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People Freak Out Over Potential "Guacapocalypse" at Chipotle

Rachel Tepper
Editor
Yahoo Food
March 5, 2014

People Freak Out Over Potential "Guacapocalypse" at Chipotle

Rachel Tepper
Editor
Yahoo Food
March 5, 2014

Photo credit: Chipotle.com

This writer can officially cross “getting shooed out of a Chipotle by an employee” off her bucket list, because that’s precisely what happened on Wednesday at one of the burrito chain’s Manhattan locations. Apparently, that’s what you get when you ask patrons about the possibility of a guacamole shortage.

PBS states that Chipotle’s 2013 annual report blamed volatile weather and climate change for possible changes in price and availability of its ingredients.

"In the event of cost increases with respect to one or more of our raw ingredients, we may choose to temporarily suspend serving menu items, such as guacamole or one or more of our salsas, rather than paying the increased cost for the ingredients,” read the report, which has since been taken offline.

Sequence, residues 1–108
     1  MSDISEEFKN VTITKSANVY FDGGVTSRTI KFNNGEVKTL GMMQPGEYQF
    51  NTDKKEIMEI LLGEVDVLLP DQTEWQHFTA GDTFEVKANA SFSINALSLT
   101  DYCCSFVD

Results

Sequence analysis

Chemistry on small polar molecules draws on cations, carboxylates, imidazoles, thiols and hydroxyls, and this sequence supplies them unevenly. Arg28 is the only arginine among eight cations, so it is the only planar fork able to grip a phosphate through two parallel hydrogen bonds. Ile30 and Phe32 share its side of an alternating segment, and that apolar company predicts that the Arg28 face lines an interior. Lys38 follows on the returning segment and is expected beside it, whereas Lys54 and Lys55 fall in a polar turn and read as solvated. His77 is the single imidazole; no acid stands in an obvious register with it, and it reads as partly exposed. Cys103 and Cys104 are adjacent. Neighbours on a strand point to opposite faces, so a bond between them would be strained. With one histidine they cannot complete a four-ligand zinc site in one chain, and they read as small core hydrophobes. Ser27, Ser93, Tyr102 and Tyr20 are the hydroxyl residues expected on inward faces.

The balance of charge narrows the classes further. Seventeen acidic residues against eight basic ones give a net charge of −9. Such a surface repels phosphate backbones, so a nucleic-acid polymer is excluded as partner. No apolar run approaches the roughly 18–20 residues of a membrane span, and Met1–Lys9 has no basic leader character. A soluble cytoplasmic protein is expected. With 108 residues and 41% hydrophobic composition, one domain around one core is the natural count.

It’s not a surprising move, since the revelation had some consumers in a tizzy.

"I can’t have my chips and guac without guacamole!” cried Nick Jenkins as he waited in line. “It’s a lifestyle,” he added. Jenkins said he eats at Chipotle three times weekly, on average, and declares that a shortage would definitely derail his lunch plans. “If they didn’t have guacamole, I would only eat here, like, once every three weeks,” he said. “I mean, they still make a good burrito.”

A burrito predilection would also be the sticking point for Jim Fitzgerald, who said he’d patronize the chain even if guacamole was taken off the menu. “I’m a huge fan of their carnitas,” he explained. “If they didn’t have that, I might stop coming.”

But Phil Lavanco was downright steamed at the thought of going without guacamole. “How could you not have guac?!” he asked, incredulous. “It’s a joke. What, there’s not enough guacamole in the world?”

It’s true that guacamole doesn’t grow on trees, but fortunately for Lavanco, the “guacapocalypse” may be on hold. “There is no looming ‘guacapocalypse,’ and I wouldn’t read too much into this,” Chipotle spokesperson Chris Arnold told NPR blog The Salt. “With regard to avocados, we saw similar issues in 2011 and incurred higher prices for the avocados we used, but never stopped serving guacamole.”

If the horrified response from their patrons are any indication, Chipotle can’t afford a guacamole shortage right now. And considering that a store was willing to give a reporter the boot for asking questions, the chain probably knows it.

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